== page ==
May 20, 2016
A Vincent customer has built a successful business which produces avocado oil from distressed fruit. They process a couple hundred tons a day of windfall and packing house rejects, all black and soft.
The oil is extracted from the pulp, bottled, and sold as specialty cooking oil.
The process used is very similar to that used by producers of olive oil. The avocados are run through Italian 50 hp olive shredders and then fed into mixing tanks. GEA Westfalia describes this process as follows: "From there the flow goes to blanchers which stir the dough at 40/45 °C for one to two hours. Next it goes into a two phase decanter, separating oil+water and pomace."
The oil+water mixture is sent to bowl centrifuge to separate the oil. This oil is cold pressed extra virgin, and it does not need to be refined.
Recently we were contacted by our customer because the KP-10 screw press we supplied a few years ago is too small for their current project. The goal is to remove additional moisture from the decanter sludge (they call it Pasta). The press liquor will be used as feedstock for a biogas digester.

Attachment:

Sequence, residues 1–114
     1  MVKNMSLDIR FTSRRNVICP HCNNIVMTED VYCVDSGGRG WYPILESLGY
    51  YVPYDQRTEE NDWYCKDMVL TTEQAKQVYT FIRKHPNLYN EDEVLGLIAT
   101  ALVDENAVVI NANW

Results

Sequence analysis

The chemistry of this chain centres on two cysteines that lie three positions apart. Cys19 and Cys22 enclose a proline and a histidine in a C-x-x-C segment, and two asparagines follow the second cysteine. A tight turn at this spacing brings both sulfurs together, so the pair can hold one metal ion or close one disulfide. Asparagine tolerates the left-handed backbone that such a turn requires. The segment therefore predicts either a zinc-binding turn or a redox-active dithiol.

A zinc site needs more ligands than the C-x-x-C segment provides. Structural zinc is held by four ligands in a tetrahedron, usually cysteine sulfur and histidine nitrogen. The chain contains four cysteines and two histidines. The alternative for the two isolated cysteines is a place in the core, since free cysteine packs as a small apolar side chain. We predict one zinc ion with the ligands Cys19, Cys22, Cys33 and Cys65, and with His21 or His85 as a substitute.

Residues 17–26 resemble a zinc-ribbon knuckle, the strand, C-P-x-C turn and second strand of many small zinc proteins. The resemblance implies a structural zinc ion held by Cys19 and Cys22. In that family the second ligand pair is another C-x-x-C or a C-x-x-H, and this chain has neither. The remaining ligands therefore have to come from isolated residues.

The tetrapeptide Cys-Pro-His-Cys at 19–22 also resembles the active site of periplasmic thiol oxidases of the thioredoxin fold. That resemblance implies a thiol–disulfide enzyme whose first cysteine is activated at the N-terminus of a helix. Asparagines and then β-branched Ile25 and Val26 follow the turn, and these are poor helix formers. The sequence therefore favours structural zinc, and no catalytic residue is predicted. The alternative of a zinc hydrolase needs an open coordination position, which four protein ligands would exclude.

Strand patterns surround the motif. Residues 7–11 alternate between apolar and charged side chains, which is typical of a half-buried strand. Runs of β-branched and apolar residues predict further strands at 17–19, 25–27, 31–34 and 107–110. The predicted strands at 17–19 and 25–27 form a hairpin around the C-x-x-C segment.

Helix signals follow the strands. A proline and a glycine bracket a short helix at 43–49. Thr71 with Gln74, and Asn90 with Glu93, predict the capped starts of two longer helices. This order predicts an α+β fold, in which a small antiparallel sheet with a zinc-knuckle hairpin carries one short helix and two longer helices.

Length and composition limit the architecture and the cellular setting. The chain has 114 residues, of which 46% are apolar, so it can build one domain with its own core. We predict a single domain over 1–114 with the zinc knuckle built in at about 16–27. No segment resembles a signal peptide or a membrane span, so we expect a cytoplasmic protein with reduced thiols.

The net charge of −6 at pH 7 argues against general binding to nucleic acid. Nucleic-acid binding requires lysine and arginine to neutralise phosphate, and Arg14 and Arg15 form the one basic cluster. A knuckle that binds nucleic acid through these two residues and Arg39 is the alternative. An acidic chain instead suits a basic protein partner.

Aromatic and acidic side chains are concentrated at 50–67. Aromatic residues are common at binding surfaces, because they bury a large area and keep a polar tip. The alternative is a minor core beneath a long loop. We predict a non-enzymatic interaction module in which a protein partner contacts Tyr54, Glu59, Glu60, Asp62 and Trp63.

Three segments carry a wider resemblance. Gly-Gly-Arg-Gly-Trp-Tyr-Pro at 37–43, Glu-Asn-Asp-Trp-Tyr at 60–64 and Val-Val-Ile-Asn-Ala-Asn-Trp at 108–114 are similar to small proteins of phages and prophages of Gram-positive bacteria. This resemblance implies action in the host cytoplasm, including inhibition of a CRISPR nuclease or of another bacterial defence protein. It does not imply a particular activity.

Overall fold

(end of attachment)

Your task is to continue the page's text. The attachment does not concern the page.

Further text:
Normally a screw press cannot remove any additional moisture from decanter sludge. However mixing press aid into a sludge occasionally enables the screw press to separate a significant amount of press liquor. As with olive sludge, avocado Pasta requires a heavy dose of press aid, from 6% to 20% by weight. We ran tests on the avocado, comparing rice hulls to cellulose fiber (ground wood). It looked like the use of cellulose fiber let the press separate twice as much press liquor as the rice hulls.
We were pleasantly surprised to see that a layer of oil floated up from the press liquor. This points us toward the selection of a high toque Series CP press instead of the more economical Series KP machines. It remains to be seen if this oil is suitable for recovery.
The liquor showed a fuzzy 10 Brix on my refractometer, so it might be usable as a feedstock for a biogas digester.
Samples from one of our trials showed 68% moisture in the as-received Pasta, 62% moisture after addition of press aid, and 56% moisture in the press cake.
It is anticipated that the press cake can be used either as a biofuel or animal feed. The presence of fiber from the press aid might enhance value as animal feed.
GEA Westfalia did alert us that in avocado skin there can be a product that the literature has named "persin". It is poisonous to some animals but not human beings. Birds are especially sensitive to persin: try putting half an avocado in a cage with a bird inside. As soon as the bird eats some of the peel, it will die.
Separately, Anderson International of Cleveland, Ohio has been contacted to see if oil can be separated from the avocado stones with their Anderson Expeller®. To date no results are available.